Last year's Pixel 2 was practically the best smartphone camera that Google made. However, the screen's dreaded blue tint and other hardware issues overshadowed a capable phone.
It is good to see Google taking serious note of the flaws in the Pixel 2 XL and changing vendors (from LG to Samsung) for this year's Pixel 3 XL.
What you get for Rs 83,000 is the base variant of Pixel 3 XL with 4GB RAM and 64GB internal storage with the top-of-the-line Qualcomm Snapdragon 845 chipset. The 128GB storage variant costs Rs 9,000 more. Pixel 3 costs Rs 71,000 for the 64GB storage variant.
This year's iteration packs in a better looking body with matte finish, refreshed colours (just black, clearly white and not pink) and a big notch which many people have deemed "ugly".
Google shipped nearly twice as many smartphone units in 2017 as compared to 2016, according to the International Data Corporation (IDC). However, Google's numbers are still pretty low when compared to the volumes shipped by Apple and Samsung.
Let us see if the Pixel 3 XL will help Google convince buyers to choose it over other flagship competitors.
We have to admit the Pixel 3 XL is a camera smartphone at heart, despite not having a dual lens set-up like the new Apple iPhone models and Samsung Galaxy Note 9.
Google's Machine Learning (ML) and image processing technology gets the job flawlessly done with the help of a Pixel Core chip. A single 12.2MP primary lens with an f/1.8 aperture and optical stabilisation delivers a great camera experience.
The images were beautifully detailed and had accurate colours, sans any sort of over-processing. Not to forget the camera's impressive dynamic range and low-light performance; it can be said that Pixel 3 XL has the best smartphone camera out there.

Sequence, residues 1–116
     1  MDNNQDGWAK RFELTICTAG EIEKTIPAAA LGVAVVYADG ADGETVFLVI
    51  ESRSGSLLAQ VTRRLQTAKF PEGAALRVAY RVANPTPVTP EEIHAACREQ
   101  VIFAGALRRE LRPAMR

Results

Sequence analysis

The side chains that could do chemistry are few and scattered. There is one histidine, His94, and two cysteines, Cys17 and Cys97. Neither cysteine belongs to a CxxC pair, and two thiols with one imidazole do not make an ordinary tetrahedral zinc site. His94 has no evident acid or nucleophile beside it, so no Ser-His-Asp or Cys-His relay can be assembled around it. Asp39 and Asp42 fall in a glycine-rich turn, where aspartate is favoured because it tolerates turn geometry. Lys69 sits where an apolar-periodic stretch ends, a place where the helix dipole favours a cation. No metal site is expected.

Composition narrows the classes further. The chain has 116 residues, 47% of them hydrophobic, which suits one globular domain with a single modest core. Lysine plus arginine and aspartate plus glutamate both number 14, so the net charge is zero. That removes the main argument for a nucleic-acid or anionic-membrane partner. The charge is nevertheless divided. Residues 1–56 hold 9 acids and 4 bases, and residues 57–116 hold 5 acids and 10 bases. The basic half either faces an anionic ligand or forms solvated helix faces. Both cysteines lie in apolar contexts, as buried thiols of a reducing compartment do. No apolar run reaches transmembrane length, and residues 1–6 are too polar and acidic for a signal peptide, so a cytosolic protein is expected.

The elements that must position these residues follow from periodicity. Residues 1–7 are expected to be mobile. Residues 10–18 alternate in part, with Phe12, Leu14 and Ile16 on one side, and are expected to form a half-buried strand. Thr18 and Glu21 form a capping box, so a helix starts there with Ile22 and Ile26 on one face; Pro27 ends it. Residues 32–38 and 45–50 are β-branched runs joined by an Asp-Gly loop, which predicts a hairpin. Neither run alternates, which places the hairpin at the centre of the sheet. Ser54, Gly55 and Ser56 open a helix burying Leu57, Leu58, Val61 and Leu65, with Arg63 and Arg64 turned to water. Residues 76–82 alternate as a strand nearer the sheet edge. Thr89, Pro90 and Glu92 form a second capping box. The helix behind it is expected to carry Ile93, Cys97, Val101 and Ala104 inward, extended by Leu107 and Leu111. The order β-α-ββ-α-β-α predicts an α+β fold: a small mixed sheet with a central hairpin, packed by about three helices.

Close-up images taken in normal mode had a natural, shallow depth-of-field, so we didn't feel the need to switch to the Portrait mode often. The Portrait mode particularly churned out images with a high level of detail and sharpness around the edges of the subject.
It's worth mentioning that Google has added features such as the motion auto-focus to this year's iteration which essentially locks focus on a subject and tracks it around the frame.
The company has added an 8MP+8MP dual camera set-up in the front that makes the Pixel 3 XL a great selfie camera as well. The wide-angle sensor makes sure you get a larger view of the background or squeeze in more people into the frame for group selfies.
Another significant improvement over 2017's Pixel 2 XL is the screen. The bigger 6.3-inch screen with QHD+ resolution (1440x2960) and a ppi of over 400 results in sharper and brighter text and images. The OLED display also means lower power consumption and deeper blacks.
The screen space is bigger thanks to slimmer bezels and taller aspect ratio but there's a chin and a much-talked about notch on the bigger Pixel.
The glass panels on the rear and front are made of Gorilla Glass 5. The top portion is slightly glossy while the bottom is absolutely matte and non-slippery.
Google has accommodated front-facing stereo speakers that, it says, are 40 per cent louder. Well, these are certainly louder than those in the Galaxy Note 9 and have no distortion.
There's no standard 3.5-mm headphone jack but the company's bundled Pixel USB-C earbuds with Google Assistant means that notifications will be read out to you.
The Pixel 3 XL, with its 3430mAh battery, lasted close to 24 hours with mixed use of video and audio streaming and simultaneously running several apps.
What does not work?
The only thing which might be a put-off for some users would be the notch on Pixel 3 XL which houses the dual-selfie cameras. One way to hide it is to turn it off in developer settings and Google has promised a future update to address this.
Conclusion: A significant improvement in the display department coupled with the matte glass rear and impeccable cameras make Pixel 3 XL the best Android camera phone in the market. Also comes with it the best Android (stock) experience.
(Krishna SinhaChaudhury can be contacted at firstname.lastname@example.org)